For the layman paleoclimatology is ‘proof’ that any climate change is natural. For educated thinkers the lessons from the long ago contain the biggest warnings for the current artificially created state of our planet.
Yesterday Nature Geoscience brought us another big oops moment. That one climate event that happened really-really fast in geological terms, was still nothing compared to today. And that’s just become twice as clear. We now know the historic mass extinction* happened thanks to not 6 degrees warming over 10.000 years, but 6 degrees warming over 20.000 years.
And the current rise of atmospheric carbon concentrations happens 10 times faster, which means ecosystems, now already under numerous other environmental strains, will have to adapt much faster than they could in prehistoric times, when Earth was lush and green by nature, as things like farmland, highways and business parks still had to be designed, together with CFKs, trawling nets, palm oil plantations and transporting exotic invasive species with tankers and 747 jumbo jets from continent to continent, day in and day out.
But let’s not linger in the present.
[*) The PETM mass extinction shows itself mainly in the marine fossil record, where up to 50% of carbonate-producing benthic foramifera disappeared. Terrestrial life did not suffer an equal blow – like the one that happened at the Cretaceous–Tertiary extinction event, 10 million years earlier – let’s just say dinosaurs can only die out once. Something must have happened on land too though, as the PETM broke an evolutionary deadlock – indeed much like the end of Snowball Earth we reported on last week. This time life on land was again scaled down in size – and that brought a new wave of tiny mini-mammals to lose their shyness and eventually turn in to more recognisable creatures like horses and primates.]
PETM phase one: volcanism? asteroid? – CO2 route likely
Paleoclimatologists are still nor sure what was the initial cause of the Paleocene-Eocene Thermal Maximum, or PETM, some 55.8 million years ago. It may have been immense flood basalts or other fierce volcanism hitting carbon-rich sediments. We do know it wasn’t the Deccan Traps in India though, as these are at least 5 million years too old. It also wasn’t the onset of the Himalayan orogenesis, with the Indian subcontinent sliding under Eurasia, as that happened at least 5 million years later.
We do know something caused the Earth’s atmosphere to warm – and that that something was likely CO2 at first.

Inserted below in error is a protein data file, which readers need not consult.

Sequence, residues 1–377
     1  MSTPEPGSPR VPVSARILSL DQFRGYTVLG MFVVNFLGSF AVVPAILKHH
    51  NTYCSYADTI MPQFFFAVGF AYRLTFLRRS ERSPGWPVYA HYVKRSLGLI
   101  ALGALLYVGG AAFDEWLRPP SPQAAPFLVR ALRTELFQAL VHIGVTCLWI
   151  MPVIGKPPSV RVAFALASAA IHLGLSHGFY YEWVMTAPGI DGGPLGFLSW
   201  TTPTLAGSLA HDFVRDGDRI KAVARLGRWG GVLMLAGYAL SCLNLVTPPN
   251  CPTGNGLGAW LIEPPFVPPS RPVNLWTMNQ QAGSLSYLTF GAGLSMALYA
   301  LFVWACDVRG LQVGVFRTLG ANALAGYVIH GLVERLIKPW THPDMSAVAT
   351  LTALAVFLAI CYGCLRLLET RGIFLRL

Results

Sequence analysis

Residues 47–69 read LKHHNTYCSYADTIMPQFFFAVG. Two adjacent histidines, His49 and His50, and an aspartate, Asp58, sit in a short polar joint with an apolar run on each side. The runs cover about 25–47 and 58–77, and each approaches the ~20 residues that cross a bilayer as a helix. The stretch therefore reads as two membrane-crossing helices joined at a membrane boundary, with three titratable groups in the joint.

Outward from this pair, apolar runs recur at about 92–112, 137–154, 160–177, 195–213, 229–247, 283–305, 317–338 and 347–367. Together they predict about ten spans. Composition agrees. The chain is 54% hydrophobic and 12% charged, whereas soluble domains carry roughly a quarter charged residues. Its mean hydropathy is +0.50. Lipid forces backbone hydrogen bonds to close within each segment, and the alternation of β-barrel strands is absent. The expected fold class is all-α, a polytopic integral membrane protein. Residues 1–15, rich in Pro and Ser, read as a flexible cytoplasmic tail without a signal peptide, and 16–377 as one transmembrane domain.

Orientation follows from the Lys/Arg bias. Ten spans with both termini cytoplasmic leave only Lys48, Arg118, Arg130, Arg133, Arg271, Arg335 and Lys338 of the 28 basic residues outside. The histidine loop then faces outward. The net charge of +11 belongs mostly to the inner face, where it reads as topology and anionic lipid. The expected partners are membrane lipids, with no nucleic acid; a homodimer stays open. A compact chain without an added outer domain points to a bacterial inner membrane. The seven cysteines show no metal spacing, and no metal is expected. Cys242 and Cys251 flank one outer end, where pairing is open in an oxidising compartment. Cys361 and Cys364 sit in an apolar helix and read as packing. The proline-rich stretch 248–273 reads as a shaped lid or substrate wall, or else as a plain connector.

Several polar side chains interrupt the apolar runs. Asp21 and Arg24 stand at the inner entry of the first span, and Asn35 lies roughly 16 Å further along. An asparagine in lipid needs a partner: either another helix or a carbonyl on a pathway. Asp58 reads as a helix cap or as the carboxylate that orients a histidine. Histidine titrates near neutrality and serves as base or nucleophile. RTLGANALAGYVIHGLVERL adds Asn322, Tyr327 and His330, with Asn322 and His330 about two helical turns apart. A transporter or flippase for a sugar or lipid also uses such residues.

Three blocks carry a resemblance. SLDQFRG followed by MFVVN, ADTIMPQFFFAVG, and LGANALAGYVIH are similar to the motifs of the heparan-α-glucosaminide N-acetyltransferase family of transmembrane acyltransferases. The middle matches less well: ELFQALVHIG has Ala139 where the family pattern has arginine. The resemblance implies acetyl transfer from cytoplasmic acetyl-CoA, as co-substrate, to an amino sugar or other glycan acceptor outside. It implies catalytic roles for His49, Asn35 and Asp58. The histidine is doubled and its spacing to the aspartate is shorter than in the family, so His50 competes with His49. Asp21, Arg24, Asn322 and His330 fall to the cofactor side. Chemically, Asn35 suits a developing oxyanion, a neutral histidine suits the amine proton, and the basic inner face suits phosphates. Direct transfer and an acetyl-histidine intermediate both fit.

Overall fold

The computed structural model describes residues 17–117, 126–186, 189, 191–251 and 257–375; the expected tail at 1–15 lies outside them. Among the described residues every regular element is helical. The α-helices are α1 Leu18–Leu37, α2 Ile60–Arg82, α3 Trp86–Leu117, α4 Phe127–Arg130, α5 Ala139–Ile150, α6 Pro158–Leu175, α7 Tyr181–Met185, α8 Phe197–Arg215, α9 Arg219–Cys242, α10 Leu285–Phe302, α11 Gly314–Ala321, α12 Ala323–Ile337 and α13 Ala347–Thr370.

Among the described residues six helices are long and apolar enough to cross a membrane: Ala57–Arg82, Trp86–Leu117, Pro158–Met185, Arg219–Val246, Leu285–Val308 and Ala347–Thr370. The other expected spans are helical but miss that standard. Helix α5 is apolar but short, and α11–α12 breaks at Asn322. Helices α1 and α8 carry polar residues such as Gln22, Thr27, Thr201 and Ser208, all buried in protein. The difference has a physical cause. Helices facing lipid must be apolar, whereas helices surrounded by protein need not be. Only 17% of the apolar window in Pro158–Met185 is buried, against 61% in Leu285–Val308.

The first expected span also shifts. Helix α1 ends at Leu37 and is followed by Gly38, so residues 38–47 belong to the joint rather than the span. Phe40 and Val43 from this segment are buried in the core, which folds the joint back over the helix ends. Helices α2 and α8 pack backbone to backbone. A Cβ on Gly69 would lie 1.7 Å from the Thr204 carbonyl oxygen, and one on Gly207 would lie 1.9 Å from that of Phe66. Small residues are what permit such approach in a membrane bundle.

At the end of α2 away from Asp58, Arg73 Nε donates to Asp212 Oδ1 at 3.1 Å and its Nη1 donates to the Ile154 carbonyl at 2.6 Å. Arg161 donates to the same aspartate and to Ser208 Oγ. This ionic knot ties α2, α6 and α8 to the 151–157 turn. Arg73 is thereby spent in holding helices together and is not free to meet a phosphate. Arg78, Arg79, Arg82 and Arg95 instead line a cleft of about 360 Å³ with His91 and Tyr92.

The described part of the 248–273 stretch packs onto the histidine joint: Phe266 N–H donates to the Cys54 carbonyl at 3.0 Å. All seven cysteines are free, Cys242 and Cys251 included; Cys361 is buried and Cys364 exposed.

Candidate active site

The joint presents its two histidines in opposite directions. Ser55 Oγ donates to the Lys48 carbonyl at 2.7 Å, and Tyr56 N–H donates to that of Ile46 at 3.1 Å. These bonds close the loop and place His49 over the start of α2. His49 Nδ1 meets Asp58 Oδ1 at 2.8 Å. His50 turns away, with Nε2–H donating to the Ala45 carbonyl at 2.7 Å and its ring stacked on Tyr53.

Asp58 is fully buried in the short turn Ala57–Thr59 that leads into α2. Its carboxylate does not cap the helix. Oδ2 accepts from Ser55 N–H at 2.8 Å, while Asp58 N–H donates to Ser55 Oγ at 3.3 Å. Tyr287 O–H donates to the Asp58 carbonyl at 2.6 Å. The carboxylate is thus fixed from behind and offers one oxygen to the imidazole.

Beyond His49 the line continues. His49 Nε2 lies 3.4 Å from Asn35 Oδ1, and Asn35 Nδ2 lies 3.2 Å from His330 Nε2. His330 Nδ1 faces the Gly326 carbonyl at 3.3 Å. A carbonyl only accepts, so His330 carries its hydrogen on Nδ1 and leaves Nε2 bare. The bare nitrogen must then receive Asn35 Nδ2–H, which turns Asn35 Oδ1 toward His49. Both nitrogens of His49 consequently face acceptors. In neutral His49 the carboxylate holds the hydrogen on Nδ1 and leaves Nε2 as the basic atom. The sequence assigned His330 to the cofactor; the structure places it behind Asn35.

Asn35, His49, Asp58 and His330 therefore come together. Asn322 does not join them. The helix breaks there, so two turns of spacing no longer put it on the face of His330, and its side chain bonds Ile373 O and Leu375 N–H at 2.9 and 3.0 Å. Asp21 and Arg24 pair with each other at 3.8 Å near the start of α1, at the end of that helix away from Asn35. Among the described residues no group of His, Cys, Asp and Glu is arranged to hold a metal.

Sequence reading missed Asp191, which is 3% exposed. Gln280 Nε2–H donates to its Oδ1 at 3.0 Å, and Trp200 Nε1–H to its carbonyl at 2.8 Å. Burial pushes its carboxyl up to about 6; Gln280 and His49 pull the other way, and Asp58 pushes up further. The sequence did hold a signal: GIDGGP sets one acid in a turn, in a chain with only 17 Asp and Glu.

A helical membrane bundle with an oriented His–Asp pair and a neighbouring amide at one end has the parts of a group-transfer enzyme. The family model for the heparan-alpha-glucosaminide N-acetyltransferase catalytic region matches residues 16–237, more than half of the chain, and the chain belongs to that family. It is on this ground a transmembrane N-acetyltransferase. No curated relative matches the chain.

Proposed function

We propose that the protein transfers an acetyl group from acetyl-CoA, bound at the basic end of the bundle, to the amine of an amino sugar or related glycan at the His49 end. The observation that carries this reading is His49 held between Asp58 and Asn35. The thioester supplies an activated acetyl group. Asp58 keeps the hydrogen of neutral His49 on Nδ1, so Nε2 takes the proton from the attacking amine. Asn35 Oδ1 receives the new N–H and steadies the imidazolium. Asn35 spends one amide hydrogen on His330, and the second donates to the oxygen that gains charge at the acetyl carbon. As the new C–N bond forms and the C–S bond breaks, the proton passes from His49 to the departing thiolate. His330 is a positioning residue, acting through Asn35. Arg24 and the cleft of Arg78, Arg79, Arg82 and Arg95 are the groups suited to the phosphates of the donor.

PETM phase two: clathrates release lots of methane
As warming set in, the most-feared positive climate feedback system Earth has at its disposal took over: methane clathrates -or gas hydrates- from the ocean floors. It led to enormous amounts of C13-depleted carbon entering the biosphere.
Measuring the isotope ratio of the carbon in fossil sediments dating back to the PETM can tell us something about the speed with which the concentration of greenhouse gases rose.
Older research used deep sea calcium carbonate sediments for this. The marine carbonate environment however changes dramatically and simultaneously with rising CO2 levels – as of course we know because it is also happening right under our noses, today, with ocean acidification. We are now at the level where carbonate formation is being hindered. We may enter a next level, as pH values drop further, where existing carbonate deposits start dissolving in the ocean waters [almost ironically] releasing further CO2 to the water and atmosphere.
It is what happened during the PETM and it is why deep see marine sediments may not present an accurate record of the actual rise in carbon concentrations all these millions of years ago.
New PETM research
That’s why geoscientists of Pennsylvania State University and colleagues from other US and UK universities decided to take a better look at a newly discovered PETM site. Although these rocks are also marine, they were formed in a shallow environment (of the prehistoric Arctic Ocean) were sedimentation happened many times faster, so much more of the carbon was simply locked away – and stored for science.
With help of American, British, Dutch and Norwegian graduate geoscience students, the team drilled for the PETM cores on the island of Spitsbergen, of the Svalbard Archipelago, and closely examined the rock samples.
From this they conclude CO2 levels during the PETM rose over 20,000 years. [On such timescales CO2 is also a direct indication of methane, as methane oxidises to CO2 in the atmosphere – within years usually.]
Lee Kump, one of the authors of the study, warns ecosystems that may have survived PETM-like climate change may not do so now, as the current CO2 rise happens so much faster, as does the current warming – much faster* indeed than the fastest warm-state analogue paleoscience can provide.
[*) The actual current warming may be a staggering 100-200 times as fast as during the PETM. Because we are currently on a path of temperature rise to anywhere from 3 to <insert Mark Lynas' book title> within this century.]
© Rolf Schuttenhelm | www.bitsofscience.org